Use of Lipoprotein(a) in Clinical Practice

Publication Date: April 1, 2024
Last Updated: April 1, 2024


What's New In 2024

Epidemiological Data
  • The relationship between baseline Lp(a) level and ASCVD events is continuous and log-linear, with increased risk even at “lower-risk” levels.
  • Despite differences in Lp(a) levels among racial/ethnic groups, Lp(a)-attributable risk is similar, eliminating previous race-based definitions of elevated Lp(a).
  • Because accepted conversion factors to adjust for Lp(a)-C in LDL-C calculation have proven inaccurate, leading to under treatment of high-risk patients, such adjustments should not be used.

  • Lipoprotein apheresis is the first therapy to receive a U.S. Food and Drug Administration indication for Lp(a) reduction, for use in high-risk patsients with FH, ASCVD, elevated Lp(a), and elevated LDL-C.
  • Emerging pharmacological agents that specifically target Lp(a) are in development and undergoing testing in clinical trials as potential future therapies.

  • Adults (aged ≥18 y): Measurement of Lp(a) in all adults is reasonable to refine risk assessment for ASCVD events (COR I, LOE B-NR).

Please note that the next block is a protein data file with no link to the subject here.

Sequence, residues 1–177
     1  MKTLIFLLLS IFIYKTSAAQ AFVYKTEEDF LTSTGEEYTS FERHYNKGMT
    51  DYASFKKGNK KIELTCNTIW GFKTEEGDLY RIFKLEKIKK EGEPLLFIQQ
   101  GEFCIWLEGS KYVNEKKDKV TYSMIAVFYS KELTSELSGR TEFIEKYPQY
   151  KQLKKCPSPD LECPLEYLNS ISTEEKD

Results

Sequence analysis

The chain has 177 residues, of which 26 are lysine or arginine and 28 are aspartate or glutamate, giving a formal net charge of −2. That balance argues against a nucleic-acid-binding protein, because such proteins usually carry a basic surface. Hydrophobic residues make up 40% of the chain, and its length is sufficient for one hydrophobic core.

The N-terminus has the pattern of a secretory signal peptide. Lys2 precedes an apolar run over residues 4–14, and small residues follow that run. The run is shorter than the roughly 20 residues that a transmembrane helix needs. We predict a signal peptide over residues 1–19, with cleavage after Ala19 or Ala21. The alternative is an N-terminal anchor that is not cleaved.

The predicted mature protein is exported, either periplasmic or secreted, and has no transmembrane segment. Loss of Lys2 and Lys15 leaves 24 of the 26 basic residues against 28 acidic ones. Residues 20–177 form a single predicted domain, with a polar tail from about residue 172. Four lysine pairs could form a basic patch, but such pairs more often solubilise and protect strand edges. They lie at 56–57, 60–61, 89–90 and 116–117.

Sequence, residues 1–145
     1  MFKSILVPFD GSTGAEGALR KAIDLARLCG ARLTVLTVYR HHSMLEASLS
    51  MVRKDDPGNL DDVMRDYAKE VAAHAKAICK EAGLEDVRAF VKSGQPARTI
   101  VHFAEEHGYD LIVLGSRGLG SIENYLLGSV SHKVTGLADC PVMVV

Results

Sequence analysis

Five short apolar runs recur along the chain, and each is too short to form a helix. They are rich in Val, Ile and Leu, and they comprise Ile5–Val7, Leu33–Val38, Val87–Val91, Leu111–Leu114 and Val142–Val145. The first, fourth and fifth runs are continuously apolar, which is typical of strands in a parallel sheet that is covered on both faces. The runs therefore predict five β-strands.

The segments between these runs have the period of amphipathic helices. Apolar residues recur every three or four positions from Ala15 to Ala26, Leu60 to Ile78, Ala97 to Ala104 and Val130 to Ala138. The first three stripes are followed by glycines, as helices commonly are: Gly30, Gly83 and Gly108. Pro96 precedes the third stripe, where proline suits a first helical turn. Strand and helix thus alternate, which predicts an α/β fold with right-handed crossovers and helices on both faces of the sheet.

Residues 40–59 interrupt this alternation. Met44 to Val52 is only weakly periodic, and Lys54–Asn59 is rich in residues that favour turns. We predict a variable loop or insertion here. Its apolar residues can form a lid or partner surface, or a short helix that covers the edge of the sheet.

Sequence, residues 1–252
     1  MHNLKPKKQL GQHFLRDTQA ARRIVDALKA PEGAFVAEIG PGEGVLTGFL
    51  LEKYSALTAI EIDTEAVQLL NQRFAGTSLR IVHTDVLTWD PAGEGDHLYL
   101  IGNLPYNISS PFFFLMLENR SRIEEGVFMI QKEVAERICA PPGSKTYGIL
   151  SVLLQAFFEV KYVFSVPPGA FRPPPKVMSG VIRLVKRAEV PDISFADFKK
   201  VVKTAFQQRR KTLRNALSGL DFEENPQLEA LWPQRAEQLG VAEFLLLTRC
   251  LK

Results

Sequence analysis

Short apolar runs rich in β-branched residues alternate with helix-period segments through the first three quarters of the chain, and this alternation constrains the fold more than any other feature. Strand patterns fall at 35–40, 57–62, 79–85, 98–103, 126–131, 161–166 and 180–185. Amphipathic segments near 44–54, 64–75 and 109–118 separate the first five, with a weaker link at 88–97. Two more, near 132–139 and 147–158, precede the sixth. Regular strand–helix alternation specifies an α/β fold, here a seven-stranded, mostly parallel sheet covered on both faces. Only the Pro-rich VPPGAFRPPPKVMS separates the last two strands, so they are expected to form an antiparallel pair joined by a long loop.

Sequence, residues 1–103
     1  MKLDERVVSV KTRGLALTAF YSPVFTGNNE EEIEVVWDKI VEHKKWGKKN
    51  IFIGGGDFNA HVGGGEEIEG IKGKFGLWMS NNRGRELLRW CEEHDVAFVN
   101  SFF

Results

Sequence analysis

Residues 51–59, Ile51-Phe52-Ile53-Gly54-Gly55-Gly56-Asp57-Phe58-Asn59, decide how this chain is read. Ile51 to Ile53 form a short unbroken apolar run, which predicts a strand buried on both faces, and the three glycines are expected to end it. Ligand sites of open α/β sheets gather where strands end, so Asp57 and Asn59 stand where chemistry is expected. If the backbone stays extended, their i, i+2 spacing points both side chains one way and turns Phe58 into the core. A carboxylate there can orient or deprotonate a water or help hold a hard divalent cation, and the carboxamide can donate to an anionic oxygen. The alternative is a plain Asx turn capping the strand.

• When Lp(a) levels are used for ASCVD risk assessment, it is reasonable to use measurements ≥125 nmol/L (≥50 mg/dL) as levels suggesting high risk, levels <75 nmol/L (<30 mg/dL) as low risk, and levels between as intermediate risk (COR IIa, LOE B-NR).
  • The use of an adjustment factor to estimate Lp(a)-C for correction of calculated LDL-C is not recommended (COR III [no benefit], LOE C-EO).
  • Lipoprotein apheresis is an FDA-approved therapy for high-risk patients with FH and ASCVD (coronary or peripheral arteries) whose Lp(a) level remains ≥60 mg/dL (∼150 nmol/L) and LDL-C ≥ 100 mg/dL on maximally tolerated lipid-lowering therapy (COR IIa, LOE B-NR).



Use of Lipoprotein(a) in Clinical Practice

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